8. 5 out of 5

    Michelle

    I've become an utter fan of INCITE! I think they link together much of the most remarkable grassroots organizing in the country. The theoretical and strategic questions they are grappling with, the individuals on the national committee, and much (though not all) of their local committee work couldn't be more remarkable or needed. The Color of Violence, their first book, is on the one hand a catalog of much of the best revolutionary movements across the country. On the other, their is an emergent I've become an utter fan of INCITE! I think they link together much of the most remarkable grassroots organizing in the country. The theoretical and strategic questions they are grappling with, the individuals on the national committee, and much (though not all) of their local committee work couldn't be more remarkable or needed. The Color of Violence, their first book, is on the one hand a catalog of much of the best revolutionary movements across the country. On the other, their is an emergent analysis stitched together throughout that's immensely useful. Tracing the institutionalization, criminalization, and professionalization of the movement to end sexual violence, they identify the key failures and differences of social services and revolutionary change. Their analysis links intimate partner violence to large-scale institutional forms of state violence: mass incarceration, imperialist war, and police brutality. It was also hard to get through; descriptions of the scale and viciousness of, say, sexual violence by ICE border guards, is not something I can breezily read.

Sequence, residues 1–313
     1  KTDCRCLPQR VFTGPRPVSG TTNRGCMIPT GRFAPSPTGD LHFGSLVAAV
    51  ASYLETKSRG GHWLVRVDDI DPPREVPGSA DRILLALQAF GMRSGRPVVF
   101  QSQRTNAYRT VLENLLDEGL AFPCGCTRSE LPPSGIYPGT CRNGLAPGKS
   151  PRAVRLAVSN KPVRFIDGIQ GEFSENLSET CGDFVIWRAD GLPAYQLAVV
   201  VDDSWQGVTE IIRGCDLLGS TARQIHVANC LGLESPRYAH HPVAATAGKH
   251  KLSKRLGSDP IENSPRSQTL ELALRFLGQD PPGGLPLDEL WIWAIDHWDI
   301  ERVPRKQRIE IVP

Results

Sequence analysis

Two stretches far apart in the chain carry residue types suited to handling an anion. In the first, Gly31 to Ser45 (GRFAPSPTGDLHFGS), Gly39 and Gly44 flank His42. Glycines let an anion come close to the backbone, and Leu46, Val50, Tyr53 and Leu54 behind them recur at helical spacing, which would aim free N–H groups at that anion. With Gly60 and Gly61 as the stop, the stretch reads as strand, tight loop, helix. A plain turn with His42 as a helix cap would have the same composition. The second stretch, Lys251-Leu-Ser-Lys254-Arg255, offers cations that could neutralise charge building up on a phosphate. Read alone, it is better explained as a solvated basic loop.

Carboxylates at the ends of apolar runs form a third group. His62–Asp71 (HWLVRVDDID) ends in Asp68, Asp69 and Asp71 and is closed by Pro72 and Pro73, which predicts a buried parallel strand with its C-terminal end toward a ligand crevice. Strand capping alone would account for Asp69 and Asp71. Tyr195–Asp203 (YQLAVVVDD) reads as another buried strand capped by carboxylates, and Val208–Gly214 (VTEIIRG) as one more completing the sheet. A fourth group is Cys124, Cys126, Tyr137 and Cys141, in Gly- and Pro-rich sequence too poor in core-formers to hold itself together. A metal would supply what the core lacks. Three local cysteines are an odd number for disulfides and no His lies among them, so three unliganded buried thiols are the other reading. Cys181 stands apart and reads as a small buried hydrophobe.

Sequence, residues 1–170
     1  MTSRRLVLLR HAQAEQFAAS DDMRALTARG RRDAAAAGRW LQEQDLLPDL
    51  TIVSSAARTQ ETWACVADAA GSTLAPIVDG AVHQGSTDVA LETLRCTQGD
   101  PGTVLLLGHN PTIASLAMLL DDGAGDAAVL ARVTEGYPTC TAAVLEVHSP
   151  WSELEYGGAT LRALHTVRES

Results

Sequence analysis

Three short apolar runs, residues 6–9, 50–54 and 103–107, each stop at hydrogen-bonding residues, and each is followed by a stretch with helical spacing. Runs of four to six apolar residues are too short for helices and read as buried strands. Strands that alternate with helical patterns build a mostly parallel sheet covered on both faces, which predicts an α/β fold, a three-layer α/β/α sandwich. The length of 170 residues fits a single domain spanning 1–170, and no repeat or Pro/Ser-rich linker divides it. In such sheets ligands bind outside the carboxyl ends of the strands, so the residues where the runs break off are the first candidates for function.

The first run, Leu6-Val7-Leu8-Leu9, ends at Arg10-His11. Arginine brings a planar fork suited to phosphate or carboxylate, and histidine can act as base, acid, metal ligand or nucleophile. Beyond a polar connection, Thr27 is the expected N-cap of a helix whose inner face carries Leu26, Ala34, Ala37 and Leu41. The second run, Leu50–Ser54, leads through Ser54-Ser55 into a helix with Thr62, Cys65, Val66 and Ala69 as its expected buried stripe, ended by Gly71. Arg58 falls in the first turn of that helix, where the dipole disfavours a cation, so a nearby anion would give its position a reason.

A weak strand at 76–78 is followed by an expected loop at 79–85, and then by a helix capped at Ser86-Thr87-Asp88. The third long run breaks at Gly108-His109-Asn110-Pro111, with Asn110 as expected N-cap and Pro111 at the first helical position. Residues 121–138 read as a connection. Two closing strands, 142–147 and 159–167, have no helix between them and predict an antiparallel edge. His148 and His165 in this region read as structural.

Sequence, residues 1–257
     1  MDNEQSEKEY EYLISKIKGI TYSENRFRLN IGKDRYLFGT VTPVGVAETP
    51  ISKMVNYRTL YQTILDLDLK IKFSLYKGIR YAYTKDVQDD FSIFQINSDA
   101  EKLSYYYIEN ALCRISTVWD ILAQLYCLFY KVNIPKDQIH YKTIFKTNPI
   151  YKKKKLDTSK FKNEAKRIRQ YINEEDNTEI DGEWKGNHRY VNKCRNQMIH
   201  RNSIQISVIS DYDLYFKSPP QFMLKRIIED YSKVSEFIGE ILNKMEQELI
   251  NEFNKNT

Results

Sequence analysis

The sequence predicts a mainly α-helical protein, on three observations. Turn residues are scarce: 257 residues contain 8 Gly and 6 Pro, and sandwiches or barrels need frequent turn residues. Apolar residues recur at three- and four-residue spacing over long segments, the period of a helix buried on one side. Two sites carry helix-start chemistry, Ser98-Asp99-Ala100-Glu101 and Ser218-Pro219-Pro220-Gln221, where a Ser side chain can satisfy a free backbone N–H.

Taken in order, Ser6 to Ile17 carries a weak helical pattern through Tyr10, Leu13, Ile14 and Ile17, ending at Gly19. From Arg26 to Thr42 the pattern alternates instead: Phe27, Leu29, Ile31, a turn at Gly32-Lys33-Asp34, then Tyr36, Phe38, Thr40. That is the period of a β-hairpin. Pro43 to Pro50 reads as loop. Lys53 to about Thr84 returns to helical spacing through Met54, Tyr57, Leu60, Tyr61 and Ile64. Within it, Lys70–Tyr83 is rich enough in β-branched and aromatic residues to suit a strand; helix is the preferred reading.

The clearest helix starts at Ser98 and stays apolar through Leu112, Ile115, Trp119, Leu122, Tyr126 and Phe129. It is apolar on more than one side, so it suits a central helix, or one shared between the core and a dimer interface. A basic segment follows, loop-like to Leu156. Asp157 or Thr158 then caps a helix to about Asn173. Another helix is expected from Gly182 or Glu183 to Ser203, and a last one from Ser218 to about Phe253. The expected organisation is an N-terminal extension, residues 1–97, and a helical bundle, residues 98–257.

9. 5 out of 5

    Spicy T AKA Mr. Tea

    Splendid. Absolutely-fucking-amazing. This book took me a while to read; that was only because there was sooooo much packed in it and so many good essays. I had to read it in 3-5 essay clumps and then put it down because there was practically an overload of information and analysis. Everyone should read this. Amazing.

  10. 4 out of 5

    Avory

    This is an excellent anthology that I would recommend particularly to feminists of color but also to all white feminists, because the essays within not only summarize some problems of importance to women of color, but really give some constructive suggestions for activists who are ignoring the needs of women of color (whether aware or not).

  11. 4 out of 5